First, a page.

The Post-Journal

Cooley Hangs Up Whistle After 43 Years

After 43 years as a basketball official, Paul Cooley is hanging up his whistle.

On February 8, Cooley worked his last Section 6 assignment, the Cassadaga Valley at Chautauqua Lake girls’ game, and on February 11 he officiated his last game, a boys’ varsity contest at Bethel Christian Academy.

“I hate to give it up, but family situations,” said Cooley, who will turn 70 in April. “I think it’s time to move on and life is too short not to think about the grandkids and the kids.”

He has three daughters who live in the South and he hopes to spend more time with them. And his wife, Martha, who still attended all the games he worked, will be happy about that.

“She’s put up with this for all those years, so that’s kind of a big reason,” Cooley said.

When he started officiating in 1961-62 season, Cooley didn’t think he’d still be blowing the whistle 43 years later.

“It was another way of being active in the winter,” Cooley said. “I was coaching spring sports.”

He began a 33-year career of teaching English, journalism and photography at Cassadaga Valley Central School in 1960. In 1962 he began a 12-year stint as the junior varsity baseball coach and then coached the varsity in 1975 and 1976. From 1984 through 1993 he coached girls’ softball and his 1991 team lost in the state semifinals.

But to fill his winter lull, Cooley turned to officiating basketball.

“I just wanted to be involved in sports,” the Gerry resident said. “It’s a very competitive thing, you’re under a lot of scrutiny, everybody is watching you and evaluating you on every call. I’ve always been a competitor, even though I wasn’t a good athlete, and this was a way of competing, I guess.”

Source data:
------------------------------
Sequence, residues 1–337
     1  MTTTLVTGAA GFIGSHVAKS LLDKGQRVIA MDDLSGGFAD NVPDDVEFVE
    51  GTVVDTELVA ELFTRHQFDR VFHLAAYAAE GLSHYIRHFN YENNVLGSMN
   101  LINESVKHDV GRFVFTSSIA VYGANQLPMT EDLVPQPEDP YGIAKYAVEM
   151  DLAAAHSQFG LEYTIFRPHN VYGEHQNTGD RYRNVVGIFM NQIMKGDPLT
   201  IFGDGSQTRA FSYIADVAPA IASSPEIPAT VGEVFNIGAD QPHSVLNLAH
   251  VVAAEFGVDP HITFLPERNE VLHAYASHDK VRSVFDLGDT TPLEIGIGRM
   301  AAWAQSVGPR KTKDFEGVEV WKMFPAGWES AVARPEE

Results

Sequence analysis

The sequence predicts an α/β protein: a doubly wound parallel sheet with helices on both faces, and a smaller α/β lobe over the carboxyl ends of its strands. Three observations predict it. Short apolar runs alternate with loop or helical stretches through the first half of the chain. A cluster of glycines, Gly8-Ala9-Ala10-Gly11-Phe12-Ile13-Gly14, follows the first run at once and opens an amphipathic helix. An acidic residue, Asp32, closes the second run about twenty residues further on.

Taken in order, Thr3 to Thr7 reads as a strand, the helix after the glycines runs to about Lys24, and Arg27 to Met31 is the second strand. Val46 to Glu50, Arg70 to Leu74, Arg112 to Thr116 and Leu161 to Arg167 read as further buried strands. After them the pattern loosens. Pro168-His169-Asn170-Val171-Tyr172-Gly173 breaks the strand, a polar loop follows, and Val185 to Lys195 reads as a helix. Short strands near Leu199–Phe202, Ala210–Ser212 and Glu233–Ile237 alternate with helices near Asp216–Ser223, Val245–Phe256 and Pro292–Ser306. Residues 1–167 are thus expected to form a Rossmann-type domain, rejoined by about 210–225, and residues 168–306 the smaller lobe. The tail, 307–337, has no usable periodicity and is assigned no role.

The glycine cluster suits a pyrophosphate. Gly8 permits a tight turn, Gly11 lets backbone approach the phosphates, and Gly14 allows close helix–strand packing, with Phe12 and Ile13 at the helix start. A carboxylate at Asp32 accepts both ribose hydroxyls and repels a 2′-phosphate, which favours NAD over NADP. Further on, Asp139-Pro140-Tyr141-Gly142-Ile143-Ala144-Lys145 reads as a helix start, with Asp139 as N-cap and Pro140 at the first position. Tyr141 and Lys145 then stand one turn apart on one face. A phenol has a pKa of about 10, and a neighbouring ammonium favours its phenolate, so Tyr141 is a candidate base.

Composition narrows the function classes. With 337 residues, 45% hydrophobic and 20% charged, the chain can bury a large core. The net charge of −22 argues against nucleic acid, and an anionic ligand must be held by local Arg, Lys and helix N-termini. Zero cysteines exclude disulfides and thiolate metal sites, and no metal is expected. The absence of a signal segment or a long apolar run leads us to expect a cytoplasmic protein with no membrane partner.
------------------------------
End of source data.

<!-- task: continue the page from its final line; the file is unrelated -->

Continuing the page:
Officiating supplemented his income, but not much.

“Money was never an issue at that time,” he said. “I think at the time they were paying $7.50 for a jayvee game and $12 for a varsity game and there was no travel (expenses) involved.”

He added, “I can remember going to work a college freshman game at Niagara University and because of a snowstorm it took me eight hours round trip and I got paid $25 and no travel (expenses).”

Cooley almost missed his first-ever high school assignment, a junior varsity game at Clymer.

“It was on a foggy night and I’d never been to Clymer,” Cooley said. “There was rain and fog and we drove straight past Clymer Central and never saw it and the next thing I know I see down the road a sign that says ‘Corry 6 Miles.’ I figured we’d gone too far.”

When asked if there was ever an earlier time when he thought about calling it quits, Cooley said, “One year I did. I had a situation where toward the end of the season at a boys’ varsity game, the coach threatened me physically. He told me I better not step outside the gym and that sort of thing. It was a wild confrontation and my wife was there and it just wasn’t pretty.

“Other than that, I’ve enjoyed it.”

Confrontations such as that were the only drawback to officiating.